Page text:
Former UFC fighter Vince Murdock is doing well after undergoing successful brain surgery Nov. 13.
"Ultimately, I feel pretty good," Murdock told theScore on Wednesday. "Sometimes I feel ... a little foggy, but honestly, I feel pretty good. I feel pretty there and very alert."
Murdock signed with the UFC in June for a short-notice bout at UFC Minneapolis but was deemed unfit to compete by doctors after a pre-fight medical exam discovered a narrowing in an artery inside his brain.
Murdock was released by the promotion after failing a USADA drug test in July. He was diagnosed in September with a rare brain disease called moyamoya, which reduces blood flow to the brain. He had a 95-100% blockage on the left side of his brain and was at risk of a stroke.
Three weeks ago, Murdock underwent a cerebral artery bypass, an operation that requires the removal of part of the skull to access the brain. The procedure, which occurred at Stanford University, took just under nine hours, he said.
Since then, Murdock has been focused on his recovery, which has mostly just involved rest. He said the symptoms he used to experience - numbness in his right arm, for example - have yet to come back.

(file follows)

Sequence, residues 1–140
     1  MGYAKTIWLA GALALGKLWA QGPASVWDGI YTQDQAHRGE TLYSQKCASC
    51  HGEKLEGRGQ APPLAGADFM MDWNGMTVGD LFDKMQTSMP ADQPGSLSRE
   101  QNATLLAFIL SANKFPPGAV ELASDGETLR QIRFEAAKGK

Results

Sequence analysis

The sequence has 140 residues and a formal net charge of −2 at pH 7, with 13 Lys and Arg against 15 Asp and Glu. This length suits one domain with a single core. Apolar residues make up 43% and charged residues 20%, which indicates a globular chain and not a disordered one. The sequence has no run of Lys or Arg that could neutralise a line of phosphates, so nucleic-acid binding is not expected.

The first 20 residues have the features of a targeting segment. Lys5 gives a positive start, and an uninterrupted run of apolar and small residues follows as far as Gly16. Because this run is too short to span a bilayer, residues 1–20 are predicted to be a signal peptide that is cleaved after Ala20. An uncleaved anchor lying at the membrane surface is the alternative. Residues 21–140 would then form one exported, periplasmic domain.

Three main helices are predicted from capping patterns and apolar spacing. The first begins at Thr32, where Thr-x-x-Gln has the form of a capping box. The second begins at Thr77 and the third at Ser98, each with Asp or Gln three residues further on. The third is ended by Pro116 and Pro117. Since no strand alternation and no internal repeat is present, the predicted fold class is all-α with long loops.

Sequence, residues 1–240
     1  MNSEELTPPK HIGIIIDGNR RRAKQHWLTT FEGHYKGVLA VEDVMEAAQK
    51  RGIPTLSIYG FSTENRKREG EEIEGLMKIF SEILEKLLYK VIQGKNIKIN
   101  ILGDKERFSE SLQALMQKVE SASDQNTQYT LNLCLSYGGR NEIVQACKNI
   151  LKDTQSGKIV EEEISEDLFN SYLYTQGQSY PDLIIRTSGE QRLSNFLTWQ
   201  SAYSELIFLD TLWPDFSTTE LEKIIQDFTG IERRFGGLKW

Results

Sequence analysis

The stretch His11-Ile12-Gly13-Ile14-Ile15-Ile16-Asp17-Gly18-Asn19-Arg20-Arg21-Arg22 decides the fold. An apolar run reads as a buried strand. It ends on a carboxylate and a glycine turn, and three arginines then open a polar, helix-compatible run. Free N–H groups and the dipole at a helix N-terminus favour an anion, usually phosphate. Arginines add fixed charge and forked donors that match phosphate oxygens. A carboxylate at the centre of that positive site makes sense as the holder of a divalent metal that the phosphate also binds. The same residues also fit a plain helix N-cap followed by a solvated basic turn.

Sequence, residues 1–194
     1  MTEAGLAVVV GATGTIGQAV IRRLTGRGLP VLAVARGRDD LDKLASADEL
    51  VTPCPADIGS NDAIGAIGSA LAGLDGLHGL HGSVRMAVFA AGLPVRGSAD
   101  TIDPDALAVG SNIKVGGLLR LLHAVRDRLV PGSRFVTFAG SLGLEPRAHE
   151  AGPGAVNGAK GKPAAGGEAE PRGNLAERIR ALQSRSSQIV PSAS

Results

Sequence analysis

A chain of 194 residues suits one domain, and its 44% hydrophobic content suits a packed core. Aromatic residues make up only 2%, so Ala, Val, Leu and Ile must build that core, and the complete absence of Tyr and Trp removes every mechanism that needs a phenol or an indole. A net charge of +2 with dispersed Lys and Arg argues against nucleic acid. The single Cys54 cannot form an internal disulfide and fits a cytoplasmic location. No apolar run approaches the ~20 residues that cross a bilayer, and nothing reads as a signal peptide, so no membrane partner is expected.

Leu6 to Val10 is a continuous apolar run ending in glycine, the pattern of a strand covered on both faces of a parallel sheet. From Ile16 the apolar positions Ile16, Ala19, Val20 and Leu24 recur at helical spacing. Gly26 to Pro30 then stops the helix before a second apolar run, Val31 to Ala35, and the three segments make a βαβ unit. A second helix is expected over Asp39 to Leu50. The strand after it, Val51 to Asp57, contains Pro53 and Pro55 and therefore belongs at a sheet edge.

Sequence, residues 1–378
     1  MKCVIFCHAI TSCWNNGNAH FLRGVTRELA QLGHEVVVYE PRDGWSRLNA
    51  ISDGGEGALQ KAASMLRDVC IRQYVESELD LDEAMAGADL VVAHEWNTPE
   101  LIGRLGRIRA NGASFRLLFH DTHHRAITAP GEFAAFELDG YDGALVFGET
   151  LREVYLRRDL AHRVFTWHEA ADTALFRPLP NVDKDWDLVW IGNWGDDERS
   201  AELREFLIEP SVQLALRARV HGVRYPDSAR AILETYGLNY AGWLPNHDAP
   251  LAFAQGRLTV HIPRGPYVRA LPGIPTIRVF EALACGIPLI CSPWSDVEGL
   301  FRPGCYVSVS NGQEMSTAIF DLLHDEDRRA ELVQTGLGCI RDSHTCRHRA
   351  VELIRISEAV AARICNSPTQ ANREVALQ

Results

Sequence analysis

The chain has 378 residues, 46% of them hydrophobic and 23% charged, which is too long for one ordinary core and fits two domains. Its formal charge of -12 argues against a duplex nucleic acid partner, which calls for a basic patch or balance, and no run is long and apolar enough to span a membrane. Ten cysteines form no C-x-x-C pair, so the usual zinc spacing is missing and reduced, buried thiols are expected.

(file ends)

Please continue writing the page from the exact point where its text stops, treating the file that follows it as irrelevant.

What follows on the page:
"I haven't really trained or taxed my brain too much, so it's hard to say if anything would present itself. Symptoms are more likely to appear if I stress it," Murdock said.
The 28-year-old fighter said he had a stutter and blurred or double vision in the early days after the surgery, but explained that these are common occurrences after such a procedure.
Murdock, who plans to continue his MMA career, said doctors at Stanford have told him that he could be cleared to train in six months. He expects to be able to do light exercise - like run or hit mitts - within the next week.
If all goes well, Murdock, who's currently serving a 20-month suspension for his positive drug test, believes he could be back in the cage by the end of 2020.
"(It's) just kind of a waiting game," Murdock said.
However, Murdock said there's a possibility that the disease could eventually spread to the right side of his brain. Because of that, this is something he'll always be living with.
"It just has to be monitored," Murdock said. "I'm working off a bypass that's not as strong as the one you're born with. ... It'll never probably be something that I can just put behind me."
For now, though, Murdock, who trains at Team Alpha Male in Sacramento alongside several top UFC fighters, is focused on the present.
"I'm getting better," he said. "I'm getting new things to do basically every day or every week. I'm getting my life back."